Pension plan investment returns: Some thoughts and observations
By Jeff Marzinsky
With market volatility of stocks very apparent these days and interest rates on fixed income investments at historic lows, what can a plan sponsor, or the investment committee, of a defined benefit pension plan do to manage portfolio returns?
We’ve all heard that asset allocation is one of the most important drivers in the return of an investment portfolio. One of the often overlooked aspects of this is setting a rebalancing policy, too. When equities gain value, pushing that side of the portfolio outside of preset allocation ranges, having a rebalancing policy allows the portfolio to capture some of the gains and bring the expected risk/return profile of the plan back into the defined targets. This can be as simple as noting in the policy that if an asset category moves more than 5% above its stated target weight in the portfolio, some will be trimmed and reinvested among the other assets that are presumably under-weighted.
Look at plan expenses
If the plan allocates expenses related to plan administration to the investment portfolio, it is good fiduciary practice to look at those expenses and determine if they are reasonable and fair.
Where are some areas to look?
- Trust/custody services
- You may have a good relationship with your trustee/custodian and they may do great work. But are the fees fair for the services provided?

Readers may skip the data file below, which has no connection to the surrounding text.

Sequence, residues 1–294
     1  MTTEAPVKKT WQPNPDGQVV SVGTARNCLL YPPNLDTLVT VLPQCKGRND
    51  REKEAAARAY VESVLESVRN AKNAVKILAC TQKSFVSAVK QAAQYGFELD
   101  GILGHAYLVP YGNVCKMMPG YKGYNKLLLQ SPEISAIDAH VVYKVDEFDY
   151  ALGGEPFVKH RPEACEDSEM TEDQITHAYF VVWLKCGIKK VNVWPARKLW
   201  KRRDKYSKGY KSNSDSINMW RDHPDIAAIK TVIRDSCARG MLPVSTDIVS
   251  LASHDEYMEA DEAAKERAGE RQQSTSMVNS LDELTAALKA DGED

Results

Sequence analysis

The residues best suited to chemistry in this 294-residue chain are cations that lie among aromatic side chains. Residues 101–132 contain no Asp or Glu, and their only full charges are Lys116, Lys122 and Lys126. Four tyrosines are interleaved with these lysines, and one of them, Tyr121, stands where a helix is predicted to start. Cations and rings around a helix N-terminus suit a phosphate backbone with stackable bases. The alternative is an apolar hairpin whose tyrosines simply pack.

- Have assets grown since you switched providers? Your fee may be based on asset size and may have gone up as well.
- Take a look at other providers, or consider asking your current provider for a discount.
- Investment management fees (this has a lot of avenues to look at!)
- Are you in the right vehicle? Based on the plan size, what is a good investment: mutual fund, ETF, separate account?
- For the investment, is the expense fair compared to other managers in the category?
- Is your manager or consultant getting “soft dollars” for sending assets or trades to a certain manager/brokerage?
Asset allocation is important; it does drive the return and level of risk of the portfolio. Keep an eye on this and set a policy for monitoring and for when rebalancing occurs. Much scrutiny has been placed on defined contribution (DC) plan expenses as of late and little emphasis on defined benefit plans. As a fiduciary, you need to keep an eye on expenses for your defined benefit plan as well. This is especially true if they are being passed through and paid from the investment trust, because they are directly affecting the return of the portfolio. I’ve written a number of DC plan fiduciary-related articles, and now it’s on to DB this year, so stay tuned.